Monday: U.S. Markets Closed for Labor Day Holiday

Wednesday: JOLTS

Thursday: Jobless Claims, Import and Export Prices, EIA Petroleum Status Report

Friday: PPI-FD, Consumer Sentiment, Treasury Budget



Motor vehicle sales surge in August. Despite a late Labor Day (cutting into August sales numbers), U.S. automakers posted big gains, achieving the strongest results since July 2005.

 Construction spending booms in July. Spending on construction activity reached a seven-year high in July, increasing by 13.7% as compared to July 2014.

 Factory orders increase in July. New orders for U.S. manufactured goods rose for a second straight month in July, indicating that demand remains strong despite a higher dollar and soft global demand.

 Mortgage applications soar on rate dip. The broad selloff in the stock market briefly pushed interest rates lower, sparking a surge in mortgage applications. Application volume surged 11.3% as compared to the week prior, putting applications up by 30% as compared to the same time last year.

Hixon Zuercher September 2015 Monthly Market Update

Thriving During Volatility Weekly Update – August 31, 2015

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Image courtesy of

After a tumultuous week with many ups and downs, markets regained ground to close in the black. For the week, the S&P 500 gained 0.91%, the Dow grew 1.11%, and the NASDAQ added 2.60%.

It’s hard to watch your portfolio value fluctuate, especially when the money involved represents a lifetime of hard work and a comfortable future. If you’re at or nearing retirement, you might be feeling especially emotional about market movements.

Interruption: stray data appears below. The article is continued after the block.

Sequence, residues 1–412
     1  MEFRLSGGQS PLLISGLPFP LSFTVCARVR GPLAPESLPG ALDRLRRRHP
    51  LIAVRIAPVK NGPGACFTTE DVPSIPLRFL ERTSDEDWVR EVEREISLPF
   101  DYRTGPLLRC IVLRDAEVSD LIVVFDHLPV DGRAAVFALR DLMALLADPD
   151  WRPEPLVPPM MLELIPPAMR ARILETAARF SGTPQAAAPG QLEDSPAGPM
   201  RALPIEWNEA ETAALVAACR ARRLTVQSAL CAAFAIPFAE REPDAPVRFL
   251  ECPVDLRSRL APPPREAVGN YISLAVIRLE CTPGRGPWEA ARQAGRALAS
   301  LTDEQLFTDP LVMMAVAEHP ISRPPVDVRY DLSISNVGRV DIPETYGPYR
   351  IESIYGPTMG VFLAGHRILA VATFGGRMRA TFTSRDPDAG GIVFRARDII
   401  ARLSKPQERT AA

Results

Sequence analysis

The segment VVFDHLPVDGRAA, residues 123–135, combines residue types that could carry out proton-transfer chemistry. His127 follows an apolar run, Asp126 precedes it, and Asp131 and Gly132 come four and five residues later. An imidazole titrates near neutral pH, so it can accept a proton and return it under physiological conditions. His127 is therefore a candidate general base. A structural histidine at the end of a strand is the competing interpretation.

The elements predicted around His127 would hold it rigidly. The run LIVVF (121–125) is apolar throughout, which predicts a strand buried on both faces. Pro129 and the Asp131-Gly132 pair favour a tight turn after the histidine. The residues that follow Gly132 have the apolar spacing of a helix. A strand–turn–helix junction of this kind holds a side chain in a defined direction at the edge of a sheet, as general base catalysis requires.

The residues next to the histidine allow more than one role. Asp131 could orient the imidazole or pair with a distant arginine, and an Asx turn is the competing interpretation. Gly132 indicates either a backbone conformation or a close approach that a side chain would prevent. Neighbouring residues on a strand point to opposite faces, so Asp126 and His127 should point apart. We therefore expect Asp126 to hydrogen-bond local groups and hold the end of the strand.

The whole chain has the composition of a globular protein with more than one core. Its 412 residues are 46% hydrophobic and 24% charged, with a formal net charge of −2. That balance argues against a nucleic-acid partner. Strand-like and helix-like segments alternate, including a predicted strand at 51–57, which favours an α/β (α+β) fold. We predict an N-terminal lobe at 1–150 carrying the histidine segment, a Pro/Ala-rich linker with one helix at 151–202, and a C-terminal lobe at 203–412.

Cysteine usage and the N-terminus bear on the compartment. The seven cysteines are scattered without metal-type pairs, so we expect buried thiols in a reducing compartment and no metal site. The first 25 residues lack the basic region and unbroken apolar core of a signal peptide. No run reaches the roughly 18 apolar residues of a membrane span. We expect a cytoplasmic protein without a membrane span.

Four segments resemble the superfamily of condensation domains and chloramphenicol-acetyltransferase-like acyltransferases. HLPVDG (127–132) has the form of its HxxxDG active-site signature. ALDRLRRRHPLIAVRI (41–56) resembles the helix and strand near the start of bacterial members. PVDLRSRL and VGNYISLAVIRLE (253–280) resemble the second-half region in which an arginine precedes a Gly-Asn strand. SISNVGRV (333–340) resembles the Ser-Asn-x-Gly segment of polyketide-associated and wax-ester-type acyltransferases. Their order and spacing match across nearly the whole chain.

Right now, U.S. markets are experiencing a period of significant volatility with rapid selloffs followed by powerful rallies. High stock valuations and concerns about global economic growth are contributing to the swings in investor sentiment.

During volatile times it’s very easy to get spooked and start questioning the logic behind your portfolio strategies. While it may seem tempting to pull out of the market and wait out the volatility, making investment decisions based on fear is usually the worst thing you can do. Behavioral economists have found that people feel the effect of market losses more than twice as powerfully as market gains. Losses hurt.

However, we can’t have the possible gains without the losses. It’s the nature of markets to move up and down, sometimes very rapidly. Trying to time markets is extremely difficult, and you’re unlikely to get the result you want by jumping in and out of markets.

So, what can you do when markets swing?

Use your head, not your gut. It’s natural to feel emotional about your hard-earned money. However, making emotional investing decisions can be very costly because you’re likely to buy and sell at the wrong time, potentially locking in your losses and losing out on gains.

Take a step back. We know that it’s hard to tune out the noise when media headlines scream that the sky is falling. Even when you know intellectually that pullbacks are normal, it’s natural to worry about whether this time is different. However, we recommend that you focus on the big questions:

  • Have your goals changed?
  • Has your investment timeframe changed?
  • Are your investments still in line with your goals?